In 2008, when Dana Hamel established a scholarship program aimed at helping to keep New Hampshire’s best and brightest students in the state, his generosity was hailed as visionary — a key component of UNH’s efforts to improve access and affordability for talented students.
A decade later, the Hamel Scholars and Scholarship Program has helped fund the UNH educations of more than 180 talented students and provided a template for other generous donors inspired to support student success through CELEBRATE 150: The Campaign for UNH. In January, Hamel increased his support with an additional $5 million gift to the program, bringing his overall funding of the initiative to more than $22 million. The gift was one of several exciting recent campaign contributions made in the area of student scholarships — one of CELEBRATE 150’s central priorities. Hamel was joined by J. Morgan Rutman ’84 and his wife Tara, in partnership with the Jane and Daniel Och Family Foundation, and Brian McCabe ’91 and his wife Loren ’90, ’91G, who made separate gifts of $3 million and $400,000 respectively.
“We’re confident this gift will help reduce some of the barriers that women face and help equip them to become leaders in their fields.”
Hamel has long described his investment in the Hamel Scholars and Scholarship Program as an investment in the state of New Hampshire. “UNH is our state’s greatest asset,” he says. By making a compelling case for the state’s top students to attend UNH rather than going elsewhere, Hamel’s hope is that many Hamel Scholars will stay in the state after graduation and serve as mentors for the students who come after them and as leaders in every area of New Hampshire life, from culture and the environment to business and politics. Alumni of the program have indeed gone on to work throughout the state, helping to meet New Hampshire’s skilled workforce needs.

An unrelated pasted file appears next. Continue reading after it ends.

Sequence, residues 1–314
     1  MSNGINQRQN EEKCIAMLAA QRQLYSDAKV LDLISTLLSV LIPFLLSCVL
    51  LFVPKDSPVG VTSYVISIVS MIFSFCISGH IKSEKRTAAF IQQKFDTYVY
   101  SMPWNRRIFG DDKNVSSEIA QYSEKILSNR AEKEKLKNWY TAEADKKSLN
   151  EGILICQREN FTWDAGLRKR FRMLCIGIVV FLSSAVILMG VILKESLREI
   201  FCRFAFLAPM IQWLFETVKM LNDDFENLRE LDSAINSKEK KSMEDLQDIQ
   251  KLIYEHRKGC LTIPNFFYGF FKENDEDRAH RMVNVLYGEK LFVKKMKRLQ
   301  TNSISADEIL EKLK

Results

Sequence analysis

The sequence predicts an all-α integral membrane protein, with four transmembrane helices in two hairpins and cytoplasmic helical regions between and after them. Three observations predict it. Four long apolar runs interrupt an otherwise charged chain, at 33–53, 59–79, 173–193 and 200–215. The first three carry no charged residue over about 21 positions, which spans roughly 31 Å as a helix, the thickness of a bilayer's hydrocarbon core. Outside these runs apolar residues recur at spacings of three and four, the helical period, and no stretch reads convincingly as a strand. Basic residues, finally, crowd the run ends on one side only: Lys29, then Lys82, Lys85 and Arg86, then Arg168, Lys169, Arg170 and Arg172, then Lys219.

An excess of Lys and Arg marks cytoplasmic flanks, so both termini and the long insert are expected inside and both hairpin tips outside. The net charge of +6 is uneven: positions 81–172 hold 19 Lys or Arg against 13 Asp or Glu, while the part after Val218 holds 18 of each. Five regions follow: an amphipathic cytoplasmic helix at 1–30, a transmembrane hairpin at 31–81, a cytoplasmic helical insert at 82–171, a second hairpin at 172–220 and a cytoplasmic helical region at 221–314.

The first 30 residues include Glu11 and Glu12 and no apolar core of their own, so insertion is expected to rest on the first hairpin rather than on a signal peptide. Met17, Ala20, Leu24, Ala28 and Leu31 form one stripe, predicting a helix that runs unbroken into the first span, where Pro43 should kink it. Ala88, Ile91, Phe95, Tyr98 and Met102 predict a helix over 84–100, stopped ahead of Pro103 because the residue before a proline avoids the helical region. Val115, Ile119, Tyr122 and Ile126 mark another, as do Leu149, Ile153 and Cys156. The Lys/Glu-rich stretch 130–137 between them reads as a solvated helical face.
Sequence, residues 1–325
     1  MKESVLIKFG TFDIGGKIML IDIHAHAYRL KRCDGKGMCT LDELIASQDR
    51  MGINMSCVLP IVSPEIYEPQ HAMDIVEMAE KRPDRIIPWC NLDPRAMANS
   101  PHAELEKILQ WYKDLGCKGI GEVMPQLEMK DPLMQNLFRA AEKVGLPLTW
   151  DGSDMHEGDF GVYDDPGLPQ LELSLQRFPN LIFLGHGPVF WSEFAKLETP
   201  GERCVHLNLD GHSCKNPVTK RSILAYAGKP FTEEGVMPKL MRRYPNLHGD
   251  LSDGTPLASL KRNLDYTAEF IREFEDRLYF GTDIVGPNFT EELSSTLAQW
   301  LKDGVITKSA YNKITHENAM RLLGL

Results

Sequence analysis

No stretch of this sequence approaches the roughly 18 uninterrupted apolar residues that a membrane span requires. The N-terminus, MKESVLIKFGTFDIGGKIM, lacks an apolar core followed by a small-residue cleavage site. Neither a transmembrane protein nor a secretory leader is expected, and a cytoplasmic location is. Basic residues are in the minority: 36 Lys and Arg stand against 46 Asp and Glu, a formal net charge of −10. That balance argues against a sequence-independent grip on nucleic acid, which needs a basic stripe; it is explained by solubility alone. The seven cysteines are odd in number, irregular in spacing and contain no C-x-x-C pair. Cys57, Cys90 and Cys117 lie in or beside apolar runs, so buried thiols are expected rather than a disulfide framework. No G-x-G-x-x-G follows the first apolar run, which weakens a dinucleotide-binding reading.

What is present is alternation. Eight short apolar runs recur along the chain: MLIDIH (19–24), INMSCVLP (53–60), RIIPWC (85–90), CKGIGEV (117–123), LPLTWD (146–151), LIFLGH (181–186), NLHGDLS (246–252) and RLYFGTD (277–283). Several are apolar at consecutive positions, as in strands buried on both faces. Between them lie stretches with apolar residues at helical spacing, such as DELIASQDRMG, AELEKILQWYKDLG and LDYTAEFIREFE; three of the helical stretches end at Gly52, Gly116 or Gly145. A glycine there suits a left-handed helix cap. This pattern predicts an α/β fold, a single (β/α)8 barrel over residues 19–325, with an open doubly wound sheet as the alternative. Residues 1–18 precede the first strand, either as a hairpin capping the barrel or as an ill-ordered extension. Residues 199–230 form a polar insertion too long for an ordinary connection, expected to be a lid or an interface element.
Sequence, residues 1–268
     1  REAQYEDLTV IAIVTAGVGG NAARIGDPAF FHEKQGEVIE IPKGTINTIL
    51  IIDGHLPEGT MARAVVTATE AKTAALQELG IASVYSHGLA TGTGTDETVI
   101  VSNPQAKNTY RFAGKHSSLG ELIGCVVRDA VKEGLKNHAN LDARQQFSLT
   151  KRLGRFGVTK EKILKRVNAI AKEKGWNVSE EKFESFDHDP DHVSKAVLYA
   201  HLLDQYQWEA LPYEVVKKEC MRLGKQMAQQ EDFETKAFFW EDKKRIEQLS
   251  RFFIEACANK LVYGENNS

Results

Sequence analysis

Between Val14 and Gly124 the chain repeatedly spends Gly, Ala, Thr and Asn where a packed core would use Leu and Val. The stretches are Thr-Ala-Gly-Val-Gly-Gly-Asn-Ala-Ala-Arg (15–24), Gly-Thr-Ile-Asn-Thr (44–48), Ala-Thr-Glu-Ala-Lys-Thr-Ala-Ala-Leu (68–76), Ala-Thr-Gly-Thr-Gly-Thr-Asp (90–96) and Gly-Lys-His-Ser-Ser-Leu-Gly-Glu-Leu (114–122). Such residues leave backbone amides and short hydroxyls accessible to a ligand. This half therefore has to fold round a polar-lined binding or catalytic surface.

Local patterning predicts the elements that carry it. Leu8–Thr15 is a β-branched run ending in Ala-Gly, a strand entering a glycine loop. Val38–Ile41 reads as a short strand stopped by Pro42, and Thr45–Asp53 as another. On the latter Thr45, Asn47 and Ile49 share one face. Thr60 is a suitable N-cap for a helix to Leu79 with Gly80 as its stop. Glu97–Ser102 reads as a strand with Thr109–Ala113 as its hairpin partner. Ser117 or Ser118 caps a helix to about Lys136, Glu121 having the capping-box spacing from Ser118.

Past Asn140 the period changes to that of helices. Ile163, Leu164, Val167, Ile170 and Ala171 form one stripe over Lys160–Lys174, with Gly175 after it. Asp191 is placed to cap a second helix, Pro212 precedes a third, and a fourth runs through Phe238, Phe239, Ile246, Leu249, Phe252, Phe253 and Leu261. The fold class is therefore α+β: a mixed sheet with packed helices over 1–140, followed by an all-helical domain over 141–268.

The majority of the Rutmans’ gift is focused on a specific workforce need, providing scholarships and supporting the Peter T. Paul College of Business and Economics’ efforts to attract more women of diverse backgrounds into business and economics education. “As the parents of three daughters, Tara and I feel strongly about addressing gender inequity,” says Morgan Rutman, noting that there are still many more men in senior positions than women, despite the fact that they enter the workforce in equal numbers. “We’re confident this gift will help reduce some of the barriers that women face and help equip them to become leaders in their fields.”
In addition to encouraging gender equity in business, the Rutmans’ gift builds on their existing support of the Shoals Marine Lab, providing additional scholarships in marine biology and expanding the Shoals artist-in-residence program to include all visual and written arts. A final portion of the gift will fund an endowment to provide ongoing support for the Distinguished Lecture Series on the American Presidency, which Rutman established in honor of his parents. His father, Darrett B. Rutman, taught history at UNH from 1968–1984, and his mother, Anita H. Rutman, was a historical researcher.